wegen

See also: Wegen

DutchEdit

PronunciationEdit

Etymology 1Edit

From Middle Dutch weghen, from Old Dutch *wegan, from Proto-Germanic *weganą, from Proto-Indo-European *wéǵʰe-, *weǵʰ-. Compare German wiegen, wägen, English weigh, Danish veje, Icelandic vega.

VerbEdit

wegen (past singular woog, past participle gewogen)

  1. to weigh
    Het schip was gebouwd voor een bemanning van 435 personen en woog 1200 ton.[1] — The ship was built for a crew of 435 people and weighed 1200 tons.
ConjugationEdit
Related termsEdit
Derived termsEdit

Etymology 2Edit

NounEdit

wegen

  1. Plural form of weg

GermanEdit

PronunciationEdit

PrepositionEdit

wegen (+ genitive or dative)

  1. for, because of

Usage notesEdit

1.) In the standard language, wegen is usually followed by a genitive:

  • Die Autobahn wurde wegen eines Unfalls gesperrt. – "The autobahn was closed because of an accident."
The dative case is used if the genitive would be indistinguishable from the nominative in form, which is the case with plural nouns not preceded by an article, determiner, or adjective:
  • Die Autobahn wurde wegen Unfällen gesperrt. – "The autobahn was closed because of accidents."
The dative case is also used with pronouns that do not have a genitive form, and if a possessive genitive is preceding the referent of the preposition.
  • Er rief wegen etwas Wichtigem an. – "He called because of something important."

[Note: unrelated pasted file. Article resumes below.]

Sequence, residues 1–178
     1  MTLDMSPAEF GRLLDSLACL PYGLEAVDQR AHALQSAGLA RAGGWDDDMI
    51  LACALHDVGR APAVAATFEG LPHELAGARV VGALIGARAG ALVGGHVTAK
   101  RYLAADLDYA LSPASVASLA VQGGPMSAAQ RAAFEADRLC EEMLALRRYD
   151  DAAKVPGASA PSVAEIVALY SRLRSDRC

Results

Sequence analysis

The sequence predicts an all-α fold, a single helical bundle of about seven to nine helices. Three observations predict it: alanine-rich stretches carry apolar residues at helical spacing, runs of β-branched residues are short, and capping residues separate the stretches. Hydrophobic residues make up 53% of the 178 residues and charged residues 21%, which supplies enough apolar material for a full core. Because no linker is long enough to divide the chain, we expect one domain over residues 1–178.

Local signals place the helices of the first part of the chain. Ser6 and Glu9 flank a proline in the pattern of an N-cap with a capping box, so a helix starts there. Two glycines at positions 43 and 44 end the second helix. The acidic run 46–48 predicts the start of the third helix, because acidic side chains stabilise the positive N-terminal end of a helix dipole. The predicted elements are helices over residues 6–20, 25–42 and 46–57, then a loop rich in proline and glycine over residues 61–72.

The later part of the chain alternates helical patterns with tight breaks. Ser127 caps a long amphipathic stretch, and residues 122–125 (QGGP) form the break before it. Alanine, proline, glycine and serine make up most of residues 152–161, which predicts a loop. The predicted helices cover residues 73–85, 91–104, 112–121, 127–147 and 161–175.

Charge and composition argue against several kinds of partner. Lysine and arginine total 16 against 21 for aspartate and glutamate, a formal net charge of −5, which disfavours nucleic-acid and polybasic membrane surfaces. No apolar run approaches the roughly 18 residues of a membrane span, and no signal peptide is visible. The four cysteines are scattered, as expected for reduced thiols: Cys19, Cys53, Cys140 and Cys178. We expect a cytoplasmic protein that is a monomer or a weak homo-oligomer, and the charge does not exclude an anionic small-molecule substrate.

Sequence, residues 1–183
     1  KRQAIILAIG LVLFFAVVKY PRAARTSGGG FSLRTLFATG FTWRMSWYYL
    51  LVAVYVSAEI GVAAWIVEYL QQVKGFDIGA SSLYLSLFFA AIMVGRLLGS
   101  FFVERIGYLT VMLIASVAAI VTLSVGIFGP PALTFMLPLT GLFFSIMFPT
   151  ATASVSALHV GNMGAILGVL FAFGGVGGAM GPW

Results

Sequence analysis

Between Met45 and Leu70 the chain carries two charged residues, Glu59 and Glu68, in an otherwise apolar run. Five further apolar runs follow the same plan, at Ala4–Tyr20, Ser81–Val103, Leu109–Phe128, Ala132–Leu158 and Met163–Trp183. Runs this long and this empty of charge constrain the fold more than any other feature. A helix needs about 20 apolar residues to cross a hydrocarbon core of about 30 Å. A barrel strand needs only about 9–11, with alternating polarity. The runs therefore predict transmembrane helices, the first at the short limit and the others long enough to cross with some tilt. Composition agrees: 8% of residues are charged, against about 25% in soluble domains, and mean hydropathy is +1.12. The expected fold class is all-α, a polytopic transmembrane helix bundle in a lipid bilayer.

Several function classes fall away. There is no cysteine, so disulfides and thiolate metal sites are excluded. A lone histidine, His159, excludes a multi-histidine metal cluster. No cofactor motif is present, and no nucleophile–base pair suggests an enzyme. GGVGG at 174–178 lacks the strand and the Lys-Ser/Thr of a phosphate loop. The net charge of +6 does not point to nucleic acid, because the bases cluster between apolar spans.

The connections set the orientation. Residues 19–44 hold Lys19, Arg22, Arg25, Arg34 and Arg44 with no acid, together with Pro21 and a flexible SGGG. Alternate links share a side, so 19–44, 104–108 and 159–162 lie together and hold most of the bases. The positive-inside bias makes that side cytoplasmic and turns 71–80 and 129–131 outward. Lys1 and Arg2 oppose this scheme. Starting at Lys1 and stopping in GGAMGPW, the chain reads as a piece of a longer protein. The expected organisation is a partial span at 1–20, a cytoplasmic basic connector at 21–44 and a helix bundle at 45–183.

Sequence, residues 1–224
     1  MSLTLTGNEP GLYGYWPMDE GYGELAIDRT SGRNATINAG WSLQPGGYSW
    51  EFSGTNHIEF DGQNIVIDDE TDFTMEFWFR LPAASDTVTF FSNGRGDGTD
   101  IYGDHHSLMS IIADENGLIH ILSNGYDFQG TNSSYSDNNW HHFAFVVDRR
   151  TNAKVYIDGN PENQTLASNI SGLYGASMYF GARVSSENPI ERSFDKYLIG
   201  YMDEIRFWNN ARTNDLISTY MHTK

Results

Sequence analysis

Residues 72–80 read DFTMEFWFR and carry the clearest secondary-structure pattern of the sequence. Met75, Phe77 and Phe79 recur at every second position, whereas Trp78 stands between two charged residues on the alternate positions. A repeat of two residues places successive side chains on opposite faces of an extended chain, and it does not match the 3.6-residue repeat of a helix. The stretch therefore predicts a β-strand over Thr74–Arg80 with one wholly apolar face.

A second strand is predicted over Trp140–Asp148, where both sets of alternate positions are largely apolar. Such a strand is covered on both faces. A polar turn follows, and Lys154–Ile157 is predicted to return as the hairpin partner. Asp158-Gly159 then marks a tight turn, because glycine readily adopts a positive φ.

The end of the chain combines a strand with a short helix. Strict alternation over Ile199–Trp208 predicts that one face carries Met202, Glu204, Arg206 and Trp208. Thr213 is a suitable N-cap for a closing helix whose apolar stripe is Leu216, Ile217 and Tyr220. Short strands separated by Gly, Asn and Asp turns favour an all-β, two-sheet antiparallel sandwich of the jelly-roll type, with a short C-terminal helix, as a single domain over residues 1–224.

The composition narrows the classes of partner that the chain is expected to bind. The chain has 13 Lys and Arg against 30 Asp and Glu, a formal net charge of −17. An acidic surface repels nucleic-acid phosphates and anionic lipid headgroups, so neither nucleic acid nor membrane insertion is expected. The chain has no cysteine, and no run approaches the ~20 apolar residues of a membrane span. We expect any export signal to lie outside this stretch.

• Er rief wegen Peters neuem Auto an. – "He called because of Peter's new car." (→ wegen Peters neuen Autos is possible, but unusual)
Masculine and neuter singular nouns not preceded by an article, determiner, or adjective may take inflectional -(e)s, although this is now quite formal. Personal names never take an ending.
  • Er war wegen Fieber(s) verhindert. – "He was unavailable because of a fever."
  • Sie ist wegen Anton nach Köln gezogen. – "She moved to Cologne because of Anton."
Personal pronouns and some other pronouns have special contracted forms with wegen:

2.) In the colloquial, and occasionally in writing, it is common to use the dative case after wegen at all times, whereby all the above peculiarities cease to apply. To some, the genitive may even sound pretentious in a private conversation.

  • Die Autobahn wurde wegen einem Unfall gesperrt. – "The autobahn was closed because of an accident."

3.) In very formal usage, wegen may be used as a postposition (always with genitive).

  • Die Autobahn wurde eines Unfalls wegen gesperrt. – "The autobahn was closed because of an accident."

Related termsEdit

Last modified on 10 March 2014, at 21:45